Frontiers in Microbiology
Urinary tract infections (UTIs) are among the most common bacterial infections worldwide. Disproportionately affecting women, UTIs exact a substantial public burden each year in terms of direct medical expenses, decreased quality of life, and lost productivity. Increasing antimicrobial resistance among strains of extraintestinal pathogenic Escherichia colichallenges successful treatment of UTIs. Community-acquired UTIs were long considered sporadic infections, typically caused by the patients’ native gastrointestinal microbiota; however, the recent recognition of UTI outbreaks with probable foodborne origins has shifted our understanding of UTI epidemiology. Along with this paradigm shift come new opportunities to disrupt the infection process and possibly quell increasing resistance, including the elimination of non-therapeutic antimicrobial use in food-animal production.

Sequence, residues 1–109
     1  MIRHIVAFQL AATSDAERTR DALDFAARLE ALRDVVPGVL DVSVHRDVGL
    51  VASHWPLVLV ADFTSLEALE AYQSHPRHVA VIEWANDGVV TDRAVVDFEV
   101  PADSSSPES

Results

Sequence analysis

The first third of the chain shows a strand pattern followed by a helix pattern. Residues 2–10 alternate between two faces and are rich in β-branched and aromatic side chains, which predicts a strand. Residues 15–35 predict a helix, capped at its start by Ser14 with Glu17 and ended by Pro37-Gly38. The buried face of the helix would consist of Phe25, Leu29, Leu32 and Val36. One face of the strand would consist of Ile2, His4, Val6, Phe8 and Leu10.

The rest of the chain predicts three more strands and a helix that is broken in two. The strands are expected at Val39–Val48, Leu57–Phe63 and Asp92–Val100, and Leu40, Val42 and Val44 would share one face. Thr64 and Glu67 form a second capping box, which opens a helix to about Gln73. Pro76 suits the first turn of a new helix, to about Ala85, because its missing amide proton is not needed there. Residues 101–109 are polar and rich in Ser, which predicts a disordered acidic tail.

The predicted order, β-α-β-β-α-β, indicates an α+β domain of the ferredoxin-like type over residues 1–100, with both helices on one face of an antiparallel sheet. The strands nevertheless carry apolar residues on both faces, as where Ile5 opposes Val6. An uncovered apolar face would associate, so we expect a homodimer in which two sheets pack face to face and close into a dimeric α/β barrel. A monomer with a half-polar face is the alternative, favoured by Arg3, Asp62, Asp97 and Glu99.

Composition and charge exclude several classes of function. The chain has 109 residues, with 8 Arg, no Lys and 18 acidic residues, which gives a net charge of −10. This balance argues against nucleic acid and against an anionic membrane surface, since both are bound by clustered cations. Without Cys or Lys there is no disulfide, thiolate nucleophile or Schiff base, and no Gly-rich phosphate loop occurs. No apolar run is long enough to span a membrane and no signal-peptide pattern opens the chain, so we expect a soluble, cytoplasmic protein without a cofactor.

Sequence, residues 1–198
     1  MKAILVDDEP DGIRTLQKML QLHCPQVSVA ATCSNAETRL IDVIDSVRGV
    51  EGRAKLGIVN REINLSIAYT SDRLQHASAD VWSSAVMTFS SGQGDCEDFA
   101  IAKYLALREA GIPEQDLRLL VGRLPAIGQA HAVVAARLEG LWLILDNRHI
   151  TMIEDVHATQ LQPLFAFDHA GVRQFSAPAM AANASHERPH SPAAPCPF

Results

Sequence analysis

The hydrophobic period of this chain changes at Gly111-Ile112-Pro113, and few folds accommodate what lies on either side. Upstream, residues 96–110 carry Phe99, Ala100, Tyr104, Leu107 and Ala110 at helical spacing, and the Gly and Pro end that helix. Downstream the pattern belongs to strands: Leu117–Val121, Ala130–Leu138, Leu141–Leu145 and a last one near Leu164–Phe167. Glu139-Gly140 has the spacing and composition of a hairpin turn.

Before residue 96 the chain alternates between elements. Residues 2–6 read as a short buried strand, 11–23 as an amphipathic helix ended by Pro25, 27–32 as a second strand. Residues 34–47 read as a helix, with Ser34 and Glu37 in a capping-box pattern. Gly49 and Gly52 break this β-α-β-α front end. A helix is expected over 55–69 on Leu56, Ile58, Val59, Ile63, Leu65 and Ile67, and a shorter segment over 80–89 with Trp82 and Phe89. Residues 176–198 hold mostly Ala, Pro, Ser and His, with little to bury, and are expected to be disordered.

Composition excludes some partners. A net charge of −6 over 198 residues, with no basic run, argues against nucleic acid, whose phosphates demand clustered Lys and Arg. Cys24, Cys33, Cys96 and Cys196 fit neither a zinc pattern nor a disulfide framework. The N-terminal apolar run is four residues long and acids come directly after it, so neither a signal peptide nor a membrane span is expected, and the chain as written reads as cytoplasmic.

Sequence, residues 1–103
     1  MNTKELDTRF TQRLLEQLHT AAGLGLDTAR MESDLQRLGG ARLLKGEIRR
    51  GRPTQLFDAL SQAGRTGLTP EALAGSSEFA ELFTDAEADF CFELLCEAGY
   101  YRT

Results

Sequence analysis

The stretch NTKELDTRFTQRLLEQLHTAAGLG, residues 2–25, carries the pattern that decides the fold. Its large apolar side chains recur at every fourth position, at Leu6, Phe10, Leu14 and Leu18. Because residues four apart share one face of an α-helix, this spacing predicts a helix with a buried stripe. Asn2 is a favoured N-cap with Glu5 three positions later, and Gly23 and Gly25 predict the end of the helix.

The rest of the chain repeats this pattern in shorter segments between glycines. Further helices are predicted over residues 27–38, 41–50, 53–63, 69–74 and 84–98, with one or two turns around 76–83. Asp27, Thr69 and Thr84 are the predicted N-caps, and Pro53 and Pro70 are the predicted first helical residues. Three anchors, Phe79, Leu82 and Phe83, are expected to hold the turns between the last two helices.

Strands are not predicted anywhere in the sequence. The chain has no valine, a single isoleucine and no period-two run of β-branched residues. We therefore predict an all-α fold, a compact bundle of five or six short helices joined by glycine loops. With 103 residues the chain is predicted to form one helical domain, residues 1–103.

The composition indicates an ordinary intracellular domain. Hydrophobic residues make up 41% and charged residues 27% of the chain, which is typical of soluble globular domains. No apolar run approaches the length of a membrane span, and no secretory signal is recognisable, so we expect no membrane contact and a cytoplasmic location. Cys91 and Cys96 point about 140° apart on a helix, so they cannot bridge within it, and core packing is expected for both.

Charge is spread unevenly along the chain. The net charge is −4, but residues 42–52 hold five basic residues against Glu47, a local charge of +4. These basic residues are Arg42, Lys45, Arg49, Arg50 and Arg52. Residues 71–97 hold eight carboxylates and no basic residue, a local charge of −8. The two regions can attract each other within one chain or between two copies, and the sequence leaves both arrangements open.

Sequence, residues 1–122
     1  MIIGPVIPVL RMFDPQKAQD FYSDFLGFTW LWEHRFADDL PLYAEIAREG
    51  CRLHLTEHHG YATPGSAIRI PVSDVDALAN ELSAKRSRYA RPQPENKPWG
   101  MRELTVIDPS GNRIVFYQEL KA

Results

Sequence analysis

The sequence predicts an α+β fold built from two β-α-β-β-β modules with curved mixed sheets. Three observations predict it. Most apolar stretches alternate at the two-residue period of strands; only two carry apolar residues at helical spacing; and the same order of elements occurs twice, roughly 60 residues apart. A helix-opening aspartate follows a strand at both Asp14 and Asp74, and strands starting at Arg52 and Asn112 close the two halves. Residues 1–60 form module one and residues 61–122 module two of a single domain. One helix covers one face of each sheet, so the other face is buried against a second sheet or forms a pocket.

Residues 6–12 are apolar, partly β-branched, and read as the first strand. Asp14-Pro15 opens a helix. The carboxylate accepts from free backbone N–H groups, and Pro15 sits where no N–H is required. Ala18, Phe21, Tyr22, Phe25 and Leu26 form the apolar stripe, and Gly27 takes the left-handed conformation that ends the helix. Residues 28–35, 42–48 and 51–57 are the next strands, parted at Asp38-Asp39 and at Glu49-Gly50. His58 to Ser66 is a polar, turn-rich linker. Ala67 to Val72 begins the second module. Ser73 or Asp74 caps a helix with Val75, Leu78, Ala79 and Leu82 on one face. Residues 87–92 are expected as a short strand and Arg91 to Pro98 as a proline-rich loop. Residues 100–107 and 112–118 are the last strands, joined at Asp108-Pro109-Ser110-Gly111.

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Nordstrom, L., Liu, C. M., & Price, L. B. (2013). Foodborne urinary tract infections: A new paradigm for antimicrobial-resistant foodborne illness. Frontiers in Microbiology, 4(MAR).